The ESG spectrum and interconnected impact: the need for a broader view of sustainability
The media has been full of projections, proclamations and perspectives around ESG priorities for 2022 this week.
That was pretty predictable of course, but amidst the op-eds, news announcements and analysis articles have been some reflective pieces that considered the acute challenges businesses will face this year as the world continues to face pandemic uncertainty but also works to transform and adapt for the short, mid and long-terms.
For me, this letter in the Financial Times hit the ESG nail squarely on the head. It made the case for sustainability to be reconsidered, or even reframed, as a business endeavour that cuts across practically all aspects of the ESG spectrum, and hinges on the impact that a business’s activity creates – positive, neutral and negative.
Its point is that too many people, and businesses, get caught up in sustainability being about environmental factors only. Many will reference diversity and inclusion drives under a broad sustainability banner. Some might connect governance factors that drive policy and decisions over environmental and social action and nominally tag them as sustainability factors. But few take a truly broad view of sustainability and see it through the lens of the broad – and net - impact that a business has on the world in which it operates. The environment, the people and the way that it runs its affairs.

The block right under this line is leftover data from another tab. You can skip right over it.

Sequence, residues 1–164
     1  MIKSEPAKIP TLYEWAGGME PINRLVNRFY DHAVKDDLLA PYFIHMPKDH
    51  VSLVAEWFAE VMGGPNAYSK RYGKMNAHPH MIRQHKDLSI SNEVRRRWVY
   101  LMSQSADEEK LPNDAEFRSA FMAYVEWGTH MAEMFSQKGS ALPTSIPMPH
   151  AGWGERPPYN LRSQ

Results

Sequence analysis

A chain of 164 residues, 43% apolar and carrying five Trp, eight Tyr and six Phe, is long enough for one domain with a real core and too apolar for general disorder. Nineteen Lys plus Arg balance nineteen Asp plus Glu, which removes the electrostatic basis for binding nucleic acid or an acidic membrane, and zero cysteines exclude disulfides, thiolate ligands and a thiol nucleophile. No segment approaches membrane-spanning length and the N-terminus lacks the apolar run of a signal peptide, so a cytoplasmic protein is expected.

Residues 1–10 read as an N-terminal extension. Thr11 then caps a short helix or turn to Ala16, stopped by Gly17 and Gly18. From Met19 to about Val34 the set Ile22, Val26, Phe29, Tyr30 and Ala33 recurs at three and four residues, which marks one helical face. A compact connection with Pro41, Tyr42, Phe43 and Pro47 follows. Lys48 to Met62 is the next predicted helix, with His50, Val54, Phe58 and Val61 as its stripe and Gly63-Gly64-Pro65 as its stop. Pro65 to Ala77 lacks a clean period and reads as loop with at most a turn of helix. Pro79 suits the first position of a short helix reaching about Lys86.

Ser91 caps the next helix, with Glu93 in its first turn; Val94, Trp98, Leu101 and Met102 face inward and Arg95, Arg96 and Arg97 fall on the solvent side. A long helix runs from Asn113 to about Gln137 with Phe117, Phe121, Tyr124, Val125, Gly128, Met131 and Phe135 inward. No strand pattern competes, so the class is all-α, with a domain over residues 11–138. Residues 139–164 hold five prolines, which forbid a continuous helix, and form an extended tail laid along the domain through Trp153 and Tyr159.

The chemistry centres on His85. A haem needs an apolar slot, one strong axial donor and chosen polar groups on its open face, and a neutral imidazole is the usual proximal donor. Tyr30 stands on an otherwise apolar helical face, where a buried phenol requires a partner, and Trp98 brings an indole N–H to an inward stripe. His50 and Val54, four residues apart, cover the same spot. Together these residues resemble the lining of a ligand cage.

I wouldn’t profess to give a clinical definition of what ESG is versus what sustainability is, but perhaps a simple way to think of it is that sustainability is the broad playing field on which the net impact a business has on its ‘world’ is played out, while ESG is a frame of reference for how that game is played and how achievement is understood.
Those opinion pieces in this area have come thick and fast in recent days. Fortune covered CEO perspectives on the priorities around “increasing ESG performance or improving sustainability footprint”. GreenBiz looked ahead to a “wild and woolly year” in sustainable finance. Forbes carried opinion about there being no way back now on the ESG agenda. And the WEF reflected on ESG adoption by start-ups. Verdict gazed at the COP27 (gulp) horizon.
There will be much change, continued uncertainty, balanced priorities and opportunity to tackle in 2022. As communicators, if we can start by being crystal clear on what sustainability is and the part that it plays in all of our futures, and the purpose that an ESG focus has in achieving it, then we’ll be better placed to help.
The ESG News Review is written by Steve Earl, a Partner at BOLDT.
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